N2 - Background: Serum amyloid A (SAA) is a major acute phase protein in horses. A new point-of-care (POC) test for SAA (Stablelab) is available, but studies evaluating its analytical accuracy are lacking. Objectives: To evaluate the analytical performance of the SAA POC test by 1) determining linearity and precision, 2) comparing results in whole blood with those in serum or plasma, and 3) comparing POC results with those obtained using a previously validated turbidimetric immunoassay (TIA). Study design: Assay validation. Methods: Analytical validation of the POC test was done in accordance with American Society of Veterinary Clinical Pathology guidelines using residual equine serum/plasma and whole blood samples from the Clinical Pathology Laboratory at the University of California-Davis. A TIA was used as the reference method. We also evaluated the effect of haematocrit (HCT). Results: The POC test was linear for SAA concentrations of up to at least 1000 μg/mL (r = 0.991). Intra-assay CVs were 13, 18 and 15% at high (782 μg/mL), intermediate (116 μg/mL) and low (64 μg/mL) concentrations. Inter-assay (inter-batch) CVs were 45, 14 and 15% at high (1372 μg/mL), intermediate (140 μg/mL) and low (56 μg/mL) concentrations. SAA results in whole blood were significantly lower than those in serum/plasma (P = 0.0002), but were positively correlated (r = 0.908) and not affected by HCT (P = 0.261); proportional negative bias was observed in samples with SAA>500 μg/mL. The difference between methods exceeded the 95% confidence interval of the combined imprecision of both methods (15%). Main limitations: Analytical validation could not be performed in whole blood, the sample most likely to be used stall side. Conclusion: The POC test has acceptable accuracy and precision in equine serum/plasma with SAA concentrations of up to at least 1000 μg/mL. Low inter-batch precision at high concentrations may affect serial measurements, and the use of the same test batch and sample type (serum/plasma or whole blood) is recommended. Comparison of results between the POC test and the TIA is not recommended.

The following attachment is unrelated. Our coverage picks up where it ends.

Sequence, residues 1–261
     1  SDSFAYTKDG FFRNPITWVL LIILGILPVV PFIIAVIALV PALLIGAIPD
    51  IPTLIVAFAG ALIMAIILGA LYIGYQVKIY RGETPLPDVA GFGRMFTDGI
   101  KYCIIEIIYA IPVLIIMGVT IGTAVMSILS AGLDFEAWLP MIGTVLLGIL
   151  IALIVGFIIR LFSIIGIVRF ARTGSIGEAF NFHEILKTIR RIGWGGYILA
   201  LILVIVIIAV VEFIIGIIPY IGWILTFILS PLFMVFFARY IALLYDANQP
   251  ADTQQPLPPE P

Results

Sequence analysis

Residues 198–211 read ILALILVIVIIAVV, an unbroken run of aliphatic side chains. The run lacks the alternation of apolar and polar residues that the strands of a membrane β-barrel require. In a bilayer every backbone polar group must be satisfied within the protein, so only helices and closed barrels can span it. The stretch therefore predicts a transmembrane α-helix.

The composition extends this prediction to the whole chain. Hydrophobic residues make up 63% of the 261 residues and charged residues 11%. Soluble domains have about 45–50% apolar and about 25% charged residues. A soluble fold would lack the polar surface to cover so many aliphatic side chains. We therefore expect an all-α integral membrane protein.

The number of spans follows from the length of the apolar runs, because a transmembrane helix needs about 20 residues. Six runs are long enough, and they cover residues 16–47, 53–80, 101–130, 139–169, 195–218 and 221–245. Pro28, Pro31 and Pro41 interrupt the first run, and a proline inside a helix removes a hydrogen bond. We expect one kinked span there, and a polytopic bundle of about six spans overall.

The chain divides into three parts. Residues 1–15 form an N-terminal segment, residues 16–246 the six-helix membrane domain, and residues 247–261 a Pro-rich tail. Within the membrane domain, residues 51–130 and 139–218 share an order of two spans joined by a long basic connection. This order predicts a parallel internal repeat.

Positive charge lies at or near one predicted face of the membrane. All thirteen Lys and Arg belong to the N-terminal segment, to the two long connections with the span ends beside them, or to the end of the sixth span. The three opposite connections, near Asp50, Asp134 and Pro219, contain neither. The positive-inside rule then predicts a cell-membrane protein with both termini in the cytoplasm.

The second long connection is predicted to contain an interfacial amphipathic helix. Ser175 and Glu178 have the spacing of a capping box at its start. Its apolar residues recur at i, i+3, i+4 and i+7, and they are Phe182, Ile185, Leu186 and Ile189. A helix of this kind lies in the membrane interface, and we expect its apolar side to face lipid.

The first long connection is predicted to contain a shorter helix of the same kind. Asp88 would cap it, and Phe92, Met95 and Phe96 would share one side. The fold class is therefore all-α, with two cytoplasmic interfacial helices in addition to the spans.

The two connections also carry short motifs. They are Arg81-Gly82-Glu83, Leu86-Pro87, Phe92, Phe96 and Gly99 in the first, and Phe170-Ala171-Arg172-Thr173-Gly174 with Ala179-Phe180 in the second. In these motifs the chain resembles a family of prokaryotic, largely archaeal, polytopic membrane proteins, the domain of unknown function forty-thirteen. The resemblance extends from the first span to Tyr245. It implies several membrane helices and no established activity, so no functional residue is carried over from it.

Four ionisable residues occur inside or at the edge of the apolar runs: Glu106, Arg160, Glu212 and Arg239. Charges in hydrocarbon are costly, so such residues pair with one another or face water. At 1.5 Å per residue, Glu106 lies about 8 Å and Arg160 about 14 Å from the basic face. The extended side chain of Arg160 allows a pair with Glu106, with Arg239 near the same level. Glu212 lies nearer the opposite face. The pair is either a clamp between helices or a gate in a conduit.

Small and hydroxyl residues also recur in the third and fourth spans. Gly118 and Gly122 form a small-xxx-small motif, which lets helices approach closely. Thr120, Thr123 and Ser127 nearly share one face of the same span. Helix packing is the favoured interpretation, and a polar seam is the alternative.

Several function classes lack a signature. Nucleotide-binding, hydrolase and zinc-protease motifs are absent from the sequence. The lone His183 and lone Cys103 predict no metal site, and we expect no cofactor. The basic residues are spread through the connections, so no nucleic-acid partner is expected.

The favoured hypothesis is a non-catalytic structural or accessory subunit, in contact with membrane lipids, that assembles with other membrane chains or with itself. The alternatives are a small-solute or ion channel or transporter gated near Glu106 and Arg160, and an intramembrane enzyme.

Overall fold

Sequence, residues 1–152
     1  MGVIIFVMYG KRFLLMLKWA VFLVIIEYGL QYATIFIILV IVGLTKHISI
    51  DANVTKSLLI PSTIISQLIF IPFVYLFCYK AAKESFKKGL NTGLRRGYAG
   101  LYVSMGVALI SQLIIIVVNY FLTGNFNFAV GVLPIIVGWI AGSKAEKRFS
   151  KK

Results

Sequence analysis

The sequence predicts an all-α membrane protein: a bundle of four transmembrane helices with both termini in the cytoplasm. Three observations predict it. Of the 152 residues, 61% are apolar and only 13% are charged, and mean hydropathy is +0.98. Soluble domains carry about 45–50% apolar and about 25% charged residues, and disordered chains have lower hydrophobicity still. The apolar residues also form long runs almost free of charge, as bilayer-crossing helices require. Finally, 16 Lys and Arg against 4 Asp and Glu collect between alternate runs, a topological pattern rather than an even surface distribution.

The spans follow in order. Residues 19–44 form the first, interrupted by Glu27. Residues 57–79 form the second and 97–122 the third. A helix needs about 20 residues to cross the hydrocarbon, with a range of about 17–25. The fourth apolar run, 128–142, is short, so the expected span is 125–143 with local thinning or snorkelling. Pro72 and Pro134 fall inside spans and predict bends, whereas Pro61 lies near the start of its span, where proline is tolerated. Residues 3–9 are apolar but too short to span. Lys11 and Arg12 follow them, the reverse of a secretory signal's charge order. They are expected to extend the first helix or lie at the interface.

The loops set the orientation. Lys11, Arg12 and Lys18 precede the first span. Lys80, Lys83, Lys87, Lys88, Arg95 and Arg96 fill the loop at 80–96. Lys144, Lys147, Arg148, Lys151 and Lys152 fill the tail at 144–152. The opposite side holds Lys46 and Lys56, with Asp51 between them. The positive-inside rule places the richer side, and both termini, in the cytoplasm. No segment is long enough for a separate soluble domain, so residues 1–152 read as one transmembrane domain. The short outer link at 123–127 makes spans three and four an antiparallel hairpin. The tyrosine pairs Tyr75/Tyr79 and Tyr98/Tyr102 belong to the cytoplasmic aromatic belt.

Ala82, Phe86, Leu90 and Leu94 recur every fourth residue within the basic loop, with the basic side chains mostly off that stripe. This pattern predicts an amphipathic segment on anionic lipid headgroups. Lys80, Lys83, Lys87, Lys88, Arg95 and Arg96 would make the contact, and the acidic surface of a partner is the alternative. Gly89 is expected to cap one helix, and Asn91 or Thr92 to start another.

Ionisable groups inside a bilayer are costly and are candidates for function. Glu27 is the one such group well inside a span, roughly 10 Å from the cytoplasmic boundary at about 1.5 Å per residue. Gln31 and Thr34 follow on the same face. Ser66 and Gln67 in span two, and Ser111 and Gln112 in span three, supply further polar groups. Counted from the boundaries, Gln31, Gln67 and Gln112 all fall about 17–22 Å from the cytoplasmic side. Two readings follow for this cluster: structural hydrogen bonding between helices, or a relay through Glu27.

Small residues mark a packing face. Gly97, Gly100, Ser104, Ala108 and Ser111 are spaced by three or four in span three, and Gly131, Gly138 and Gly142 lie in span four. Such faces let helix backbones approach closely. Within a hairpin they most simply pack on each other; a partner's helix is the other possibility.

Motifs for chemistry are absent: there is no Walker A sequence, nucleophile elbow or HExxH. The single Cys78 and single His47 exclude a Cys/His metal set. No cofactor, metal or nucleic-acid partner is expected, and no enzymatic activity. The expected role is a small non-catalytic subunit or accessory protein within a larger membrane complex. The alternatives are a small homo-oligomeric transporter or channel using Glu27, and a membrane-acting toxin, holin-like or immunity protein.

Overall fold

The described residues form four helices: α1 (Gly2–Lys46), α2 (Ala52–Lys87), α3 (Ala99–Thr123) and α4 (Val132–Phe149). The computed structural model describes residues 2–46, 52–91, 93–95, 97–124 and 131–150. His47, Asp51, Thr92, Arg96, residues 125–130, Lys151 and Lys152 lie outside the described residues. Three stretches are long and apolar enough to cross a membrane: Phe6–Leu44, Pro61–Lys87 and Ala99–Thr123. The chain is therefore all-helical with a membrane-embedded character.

AB - Background: Serum amyloid A (SAA) is a major acute phase protein in horses. A new point-of-care (POC) test for SAA (Stablelab) is available, but studies evaluating its analytical accuracy are lacking. Objectives: To evaluate the analytical performance of the SAA POC test by 1) determining linearity and precision, 2) comparing results in whole blood with those in serum or plasma, and 3) comparing POC results with those obtained using a previously validated turbidimetric immunoassay (TIA). Study design: Assay validation. Methods: Analytical validation of the POC test was done in accordance with American Society of Veterinary Clinical Pathology guidelines using residual equine serum/plasma and whole blood samples from the Clinical Pathology Laboratory at the University of California-Davis. A TIA was used as the reference method. We also evaluated the effect of haematocrit (HCT). Results: The POC test was linear for SAA concentrations of up to at least 1000 μg/mL (r = 0.991). Intra-assay CVs were 13, 18 and 15% at high (782 μg/mL), intermediate (116 μg/mL) and low (64 μg/mL) concentrations. Inter-assay (inter-batch) CVs were 45, 14 and 15% at high (1372 μg/mL), intermediate (140 μg/mL) and low (56 μg/mL) concentrations. SAA results in whole blood were significantly lower than those in serum/plasma (P = 0.0002), but were positively correlated (r = 0.908) and not affected by HCT (P = 0.261); proportional negative bias was observed in samples with SAA>500 μg/mL. The difference between methods exceeded the 95% confidence interval of the combined imprecision of both methods (15%). Main limitations: Analytical validation could not be performed in whole blood, the sample most likely to be used stall side. Conclusion: The POC test has acceptable accuracy and precision in equine serum/plasma with SAA concentrations of up to at least 1000 μg/mL. Low inter-batch precision at high concentrations may affect serial measurements, and the use of the same test batch and sample type (serum/plasma or whole blood) is recommended. Comparison of results between the POC test and the TIA is not recommended.